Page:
Upon his swift, loud death — “You’re bringing me roses? I didn’t have breakfast yet you son of a shoe!” he yells at his son from his hospital bed — the film splits into two parallel lines that later tie in together. Salah is forced to become principal, even though he himself failed high school, with the help of his father’s assistant Sayed (Hassan Hosny), who actually wants to take over the school himself and is sabotaging Salah’s efforts.

But simultaneously, Salah also wants to become cool and do all the things his father forbade him to do (go out, take drugs, drink alcohol and have sex). In this storyline, Salah and his childhood friend Atef (Helmy) take lessons on how to be bad boys from old schoolmate Al-Limby (Saad).

This was actually the birth of the Al-Limby character, a drunken drug-addled thug who gets himself into all sorts of difficult but telling situations, which Saad reprised for several other films and became a short-lived box-office sensation.



Despite the film’s light entertainment feel and the continual laughs, various scenes highlight serious problems in the education system.

Salah is introduced to the teachers and Mr. Zakaria (the late Youssef Eid) explains in a hilariously matter-of-fact way that he is the maths teacher and the French teacher until they find a French teacher. Later we find out he’s also the history teacher until they find an actual history teacher. Eid always brought exaggerated yet believable poignancy to supporting roles and had brilliant comic timing (his final role was Bob Marley in 2014’s Third World War).

In an English class Miss Inshirah (Hanan al-Tawil) explains to the kids the difference between the pronunciation of P and B (a mistake Egyptians commonly make in English). Another teacher only lets the kids who take private lessons with him answer in class. The school budget is not used to educate students, but is embezzled by Sayed. And we see a lot of corporal punishment.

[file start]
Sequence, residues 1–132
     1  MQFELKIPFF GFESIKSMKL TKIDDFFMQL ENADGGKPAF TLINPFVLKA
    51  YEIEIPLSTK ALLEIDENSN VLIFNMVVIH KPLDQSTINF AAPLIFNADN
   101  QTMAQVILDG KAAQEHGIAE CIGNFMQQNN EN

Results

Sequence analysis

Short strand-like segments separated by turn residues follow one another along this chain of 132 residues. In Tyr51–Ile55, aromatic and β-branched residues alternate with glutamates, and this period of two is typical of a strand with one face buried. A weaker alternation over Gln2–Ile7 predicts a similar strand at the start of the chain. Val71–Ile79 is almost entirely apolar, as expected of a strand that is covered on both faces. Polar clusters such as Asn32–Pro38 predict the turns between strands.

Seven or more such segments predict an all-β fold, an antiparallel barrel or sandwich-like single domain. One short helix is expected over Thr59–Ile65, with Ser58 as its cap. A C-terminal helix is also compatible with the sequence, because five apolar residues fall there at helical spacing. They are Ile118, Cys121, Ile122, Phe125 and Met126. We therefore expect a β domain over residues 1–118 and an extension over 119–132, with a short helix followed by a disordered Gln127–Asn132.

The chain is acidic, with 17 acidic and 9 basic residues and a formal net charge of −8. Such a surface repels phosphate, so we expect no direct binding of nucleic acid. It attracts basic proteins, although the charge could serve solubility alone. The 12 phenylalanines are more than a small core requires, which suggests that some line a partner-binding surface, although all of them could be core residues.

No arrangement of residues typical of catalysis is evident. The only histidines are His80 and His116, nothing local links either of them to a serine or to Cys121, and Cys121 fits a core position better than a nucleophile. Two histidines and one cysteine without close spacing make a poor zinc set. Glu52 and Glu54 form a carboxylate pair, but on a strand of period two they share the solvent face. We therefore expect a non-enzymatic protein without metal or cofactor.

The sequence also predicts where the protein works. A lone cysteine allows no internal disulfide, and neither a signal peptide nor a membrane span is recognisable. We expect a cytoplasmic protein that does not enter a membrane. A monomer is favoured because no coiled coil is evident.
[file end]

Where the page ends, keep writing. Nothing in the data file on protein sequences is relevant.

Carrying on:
Salah’s love interest Wafaa (Basma) is the music teacher, but she has nothing to do because there’s no music room and the theater has been turned into a storage space, highlighting how undervalued the arts are in Egyptian schools.

Al-Nazer thus cleverly uses humor to pin-point the issues with Egypt’s outdated education system and students’ lack of involvement in the education process.

Eventually a turning point comes when the science teacher (Hesham Selim) calls for education reform and engaging students in learning, instead of continuing the patriarchal, fear-based system of the late principal. But 15 years later, there’s still been no turning point in real-life Egyptian schools, and the issues are exactly the same.

Correction: An earlier version of this article suggested that the father yelled at his wife from his hospital bed. It has been corrected to indicate that it was actually his son who received the insult.

Rowan El Shimi 
Culture journalist